Drafted in the twenty-second round of the 2005 draft, Garcia only debuted this summer yet quickly emerged as perhaps the most promising long-term starting prospect in the Cardinals' system. He dominated the Midwest League and remained similarly effective against older competition in High-A, demonstrating solid strikeout and walk rates highlighted by an outstanding groundball rate. However, Garcia also didn't completely dominate hitters, so until he repeats this performance in the upper minors, I don't consider him a logical option even in the deepest NL leagues.
The 2005 first rounder from Georgia Tech simply flailed at the plate in the first half, a mid-season demotion to A-ball unbecoming of someone with his pedigree. While he at least rebounded with the Swing and also demonstrated impressive speed skills throughout 2006, Greene needs to conquer the Florida State League next year to maintain his status as a decent prospect. Unfortunately, that success seems far from assured due to his contact problem, effectively leaving him with little shot of seeing St. Louis sooner than 2009. I see no reason to select him in any spring draft.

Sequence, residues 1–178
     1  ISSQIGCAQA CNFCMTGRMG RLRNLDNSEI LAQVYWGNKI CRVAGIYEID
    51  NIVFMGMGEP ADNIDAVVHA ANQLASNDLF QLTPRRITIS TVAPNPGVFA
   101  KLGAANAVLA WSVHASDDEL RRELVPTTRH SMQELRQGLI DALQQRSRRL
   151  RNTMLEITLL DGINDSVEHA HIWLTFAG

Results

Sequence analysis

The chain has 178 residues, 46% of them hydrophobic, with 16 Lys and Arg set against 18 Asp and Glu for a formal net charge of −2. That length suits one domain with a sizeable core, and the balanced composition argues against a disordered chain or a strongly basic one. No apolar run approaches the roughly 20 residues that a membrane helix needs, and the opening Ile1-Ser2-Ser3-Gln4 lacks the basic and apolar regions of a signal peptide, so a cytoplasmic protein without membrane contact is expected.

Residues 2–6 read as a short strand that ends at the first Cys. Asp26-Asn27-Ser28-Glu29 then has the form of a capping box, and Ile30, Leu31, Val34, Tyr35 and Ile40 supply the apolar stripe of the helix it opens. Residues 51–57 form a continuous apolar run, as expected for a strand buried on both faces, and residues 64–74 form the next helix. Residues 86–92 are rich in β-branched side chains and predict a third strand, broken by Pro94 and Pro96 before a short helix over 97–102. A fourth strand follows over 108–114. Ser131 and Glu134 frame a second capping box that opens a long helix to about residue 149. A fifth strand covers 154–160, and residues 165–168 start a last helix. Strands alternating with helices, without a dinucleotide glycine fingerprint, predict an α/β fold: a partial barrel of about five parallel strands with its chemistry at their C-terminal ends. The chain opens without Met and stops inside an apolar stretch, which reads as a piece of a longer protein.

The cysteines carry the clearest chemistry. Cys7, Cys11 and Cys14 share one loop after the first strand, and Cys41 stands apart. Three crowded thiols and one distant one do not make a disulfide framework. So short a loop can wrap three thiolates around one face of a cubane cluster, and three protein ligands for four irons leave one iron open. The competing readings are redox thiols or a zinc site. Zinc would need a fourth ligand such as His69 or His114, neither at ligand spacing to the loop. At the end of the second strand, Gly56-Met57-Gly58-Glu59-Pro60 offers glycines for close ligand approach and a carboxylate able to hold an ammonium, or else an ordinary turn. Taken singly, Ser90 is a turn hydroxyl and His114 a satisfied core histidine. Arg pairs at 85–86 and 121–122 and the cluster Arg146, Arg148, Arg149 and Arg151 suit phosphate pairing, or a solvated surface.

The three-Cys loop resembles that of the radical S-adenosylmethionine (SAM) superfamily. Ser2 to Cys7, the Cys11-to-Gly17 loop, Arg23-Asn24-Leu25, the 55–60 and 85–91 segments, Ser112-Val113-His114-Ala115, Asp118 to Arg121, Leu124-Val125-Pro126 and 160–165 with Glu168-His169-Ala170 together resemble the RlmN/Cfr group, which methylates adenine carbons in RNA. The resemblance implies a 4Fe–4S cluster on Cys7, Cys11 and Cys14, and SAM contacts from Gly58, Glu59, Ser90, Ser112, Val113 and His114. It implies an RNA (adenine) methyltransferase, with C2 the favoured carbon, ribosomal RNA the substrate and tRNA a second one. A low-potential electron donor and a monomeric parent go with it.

Returning to Palm Beach for a second season resulted in little change in Haberer's performance, a mildly troublesome development significantly compounded by his awful stats at Double-A following his mid-season promotion. The one bright spot is that he remains a consistent groundball pitcher, but given existing concerns regarding his secondary pitches, I see no reason for him to continue starting. Haberer also therefore no longer will possess any fantasy value until he begins contributing in the emerges.
After entering 2006 as one of the top infield prospects in the system with a chance to win a big league bench job in the near future, Hanson instead slumped all the way back to Double-A as both his power and patience simply vanished. Considering he already possesses questionable defense at best, he appears a long way from earning more than a cup-of-coffee in St. Louis. Until he proves this performance a fluke, he longer belongs on any fantasy roster.